Mindfulness meditation has become very popular. Its exotic Buddhist origins combined with the mounting evidence produced by Western science that meditation is (mostly because of brain plasticity) good for us, makes it very appealing. Many therapists are now designing new mindfulness-based cognitive and behavioural therapies, and some physicians now recommend it to their patients. Mindfulness-based programs are used to treat depression, anxiety, chronic stress, chronic pain, and so on.
Being mindful is being able to focus our attention, moment by moment, on stimuli such as one’s breath or bodily sensations and, in doing so, to step out of the constant flow of thoughts and feelings that inhabits our mind under normal conditions. This is why many think that meditation “quiets the mind”. It is recognized that thoughts and emotions will always irrupt, but such mental states should be welcomed in a non-judgemental manner and objectified, i.e. observed as external phenomena by the reflexive and compassionate self that we are when we practice mindfulness meditation.… Continue reading
Ce n’est pas d’hier qu’une frange du mouvement nationaliste québécois se lamente de l’état de la culture québécoise et s’inquiète de son sort. Les penseurs phares du néo-nationalisme des années 1960 comme les historiens de l’« École de Montréal » ou des auteurs comme Pierre Vadeboncoeur et Fernand Dumont ont alimenté ce diagnostic pessimiste quant au devenir de l’identité québécoise. Dans un essai publié en 2000, j’ai consacré un chapitre au « nationalisme mélancolique » québécois. L’éventuelle disparition ou folklorisation du français–la « lousianistation » du Québec–est le plus souvent le point focal du discours sombre, et parfois catastrophiste, sur l’avenir de la culture québécoise francophone.
Comme je suis de bonne humeur après une agréable semaine de vacances au Québec, je n’ai pas lu les textes d’opinion sur les Dead Obies, le « franglais » et les menaces de « créolisation » et d’« anglicisation ». Tout ce que je sais vient de ce texte de Marc Cassivi partagé hier par plusieurs de mes contacts sur Facebook.… Continue reading
Thankfully most Canadians find the homophobic bigotry of people like Rob Ford as repugnant and silly as Ford himself. Of course, it remains disturbing that polls suggest that some 20% of Toronto Area voters seemed prepared to vote for Ford even though he has been disgraced and discredited along so many so many dimensions it is hard to keep track. Perhaps some of these people are bamboozled by Ford’s insistence that he is ‘spendaphobic’ rather than ‘homophobic’. But in wake of Ford’s well-known refusal to participate in Pride celebrations, his boozed and drug fueled rants and his petty (and apparently sober) refusal to support a study of homeless shelter space for LGBT youth Ford has become the ugly face of Canadian homophobia. Ford’s variety of homophobia, replete with familiar hateful epithets and evident anxiety about with even distant association with anything vaguely gay, is easy to dismiss and mock. Indeed, Ford himself is such a buffoon that he provides an unwitting performative self-refutation of this variety of homophobia.… Continue reading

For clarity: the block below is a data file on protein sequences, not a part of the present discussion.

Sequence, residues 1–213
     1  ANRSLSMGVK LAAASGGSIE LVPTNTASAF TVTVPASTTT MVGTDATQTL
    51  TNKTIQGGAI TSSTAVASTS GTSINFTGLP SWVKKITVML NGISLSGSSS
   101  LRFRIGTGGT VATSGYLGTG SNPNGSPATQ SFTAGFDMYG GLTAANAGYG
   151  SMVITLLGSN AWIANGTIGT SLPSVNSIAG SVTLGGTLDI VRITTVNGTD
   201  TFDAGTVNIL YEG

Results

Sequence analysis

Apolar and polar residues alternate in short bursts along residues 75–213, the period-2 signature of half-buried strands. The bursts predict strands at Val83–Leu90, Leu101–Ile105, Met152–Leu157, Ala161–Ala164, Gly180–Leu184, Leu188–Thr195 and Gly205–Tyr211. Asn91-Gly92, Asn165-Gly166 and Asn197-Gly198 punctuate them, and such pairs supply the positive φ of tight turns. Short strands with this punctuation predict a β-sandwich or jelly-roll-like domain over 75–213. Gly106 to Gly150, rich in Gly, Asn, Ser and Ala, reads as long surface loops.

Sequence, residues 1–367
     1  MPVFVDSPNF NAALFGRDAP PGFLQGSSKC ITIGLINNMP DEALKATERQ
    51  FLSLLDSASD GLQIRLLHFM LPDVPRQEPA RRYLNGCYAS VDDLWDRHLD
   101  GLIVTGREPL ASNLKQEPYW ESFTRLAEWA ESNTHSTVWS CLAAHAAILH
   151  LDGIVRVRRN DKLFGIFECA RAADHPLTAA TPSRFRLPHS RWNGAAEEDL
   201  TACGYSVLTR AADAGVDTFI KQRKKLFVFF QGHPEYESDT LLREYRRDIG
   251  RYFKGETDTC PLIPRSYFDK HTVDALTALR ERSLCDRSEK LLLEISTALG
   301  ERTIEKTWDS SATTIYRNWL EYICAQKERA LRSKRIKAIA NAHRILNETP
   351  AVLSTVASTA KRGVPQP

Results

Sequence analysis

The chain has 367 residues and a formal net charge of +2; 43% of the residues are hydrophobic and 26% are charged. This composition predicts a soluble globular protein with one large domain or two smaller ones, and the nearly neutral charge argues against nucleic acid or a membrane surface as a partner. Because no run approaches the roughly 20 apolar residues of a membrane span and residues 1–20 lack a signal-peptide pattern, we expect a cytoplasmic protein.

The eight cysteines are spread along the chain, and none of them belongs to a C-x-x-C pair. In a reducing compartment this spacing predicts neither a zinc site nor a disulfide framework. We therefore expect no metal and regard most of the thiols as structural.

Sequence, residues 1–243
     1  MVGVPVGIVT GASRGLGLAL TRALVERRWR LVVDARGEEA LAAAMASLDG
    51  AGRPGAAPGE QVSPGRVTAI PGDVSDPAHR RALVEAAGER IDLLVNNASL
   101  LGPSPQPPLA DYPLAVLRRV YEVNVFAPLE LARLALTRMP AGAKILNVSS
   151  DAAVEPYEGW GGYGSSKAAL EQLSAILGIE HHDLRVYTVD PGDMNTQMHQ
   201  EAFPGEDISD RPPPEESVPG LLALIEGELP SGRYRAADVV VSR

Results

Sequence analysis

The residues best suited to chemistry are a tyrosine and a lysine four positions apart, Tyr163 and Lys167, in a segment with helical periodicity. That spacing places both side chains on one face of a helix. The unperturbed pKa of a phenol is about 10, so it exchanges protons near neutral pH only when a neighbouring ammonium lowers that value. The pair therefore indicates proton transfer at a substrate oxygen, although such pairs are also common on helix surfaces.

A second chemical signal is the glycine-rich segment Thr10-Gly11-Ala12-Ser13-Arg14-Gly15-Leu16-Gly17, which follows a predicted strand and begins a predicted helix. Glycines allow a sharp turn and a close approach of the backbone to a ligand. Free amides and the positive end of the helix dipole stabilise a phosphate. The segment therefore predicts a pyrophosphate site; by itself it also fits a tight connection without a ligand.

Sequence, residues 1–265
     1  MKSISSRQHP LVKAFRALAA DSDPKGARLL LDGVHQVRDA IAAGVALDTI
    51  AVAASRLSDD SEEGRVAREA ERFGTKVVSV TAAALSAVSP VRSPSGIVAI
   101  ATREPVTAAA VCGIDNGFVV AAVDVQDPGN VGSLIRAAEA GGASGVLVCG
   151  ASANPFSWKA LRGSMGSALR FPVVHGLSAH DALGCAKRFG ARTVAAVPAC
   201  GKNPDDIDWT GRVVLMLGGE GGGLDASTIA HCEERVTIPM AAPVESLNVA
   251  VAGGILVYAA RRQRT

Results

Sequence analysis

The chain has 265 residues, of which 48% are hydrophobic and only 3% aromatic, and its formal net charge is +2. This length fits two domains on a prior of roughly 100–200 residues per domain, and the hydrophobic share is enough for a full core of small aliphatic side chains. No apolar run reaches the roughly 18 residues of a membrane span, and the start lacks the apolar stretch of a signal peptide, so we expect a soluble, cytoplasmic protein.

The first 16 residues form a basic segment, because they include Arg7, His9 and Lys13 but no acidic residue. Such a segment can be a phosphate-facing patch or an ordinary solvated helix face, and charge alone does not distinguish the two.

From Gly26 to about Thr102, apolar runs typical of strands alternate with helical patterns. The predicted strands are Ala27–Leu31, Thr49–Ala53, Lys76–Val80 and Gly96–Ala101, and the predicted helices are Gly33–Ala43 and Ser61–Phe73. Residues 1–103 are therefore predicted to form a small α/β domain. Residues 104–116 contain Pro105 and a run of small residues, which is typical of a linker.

One of the great fringe benefits of my job is that I often get invited to some pretty great cities for work. I’ve just returned to Montreal from a week in Paris. I love Paris. What I love most about Paris are its neighborhoods. Walk a few kilometers outside the tourist center, and you will find fantastic inner city areas that each have their distinctive character and identity. For a long time, I used to hang out in the 14th arrondissement (intra muros Paris, the Paris that lies inside its internal ring road, le Périphérique is divided up into 20 boroughs). These days, I am more likely to try to find a place in the 20th, which is one of Paris’ most riotously multicultural neighborhoods. On this recent trip, I watched Chile win a World Cup match in a Chilean bar, watched Brazil triumph in a Brazilian restaurant, and don’t even get me started about what happened when Algeria beat South Korea!… Continue reading
There is a widespread perception that Quebec is more left-wing, or more “social-democratic” than the rest of Canada. Indeed, one branch of the sovereignty movement suggests that a commitment to social justice requires separation from Canada, because English Canada encumbers Quebec, preventing it from realizing its vision of a more egalitarian society. (It is because of this belief that many people in Quebec think of separatism as a natural extension of left-wing political commitments.)
This is an illusion. The part of Canada that I grew up in – Saskatchewan – was far more left-wing than Quebec has ever been. And it never once occurred to anyone that you couldn’t have “socialism in one province” (or that being a member of the Canadian federation in any way impeded the realization of the essentially socialist vision that was at the time predominant).
What makes Quebec distinct is the fact that, over the past 30 years, the Quebec political system has been tilted to the left.… Continue reading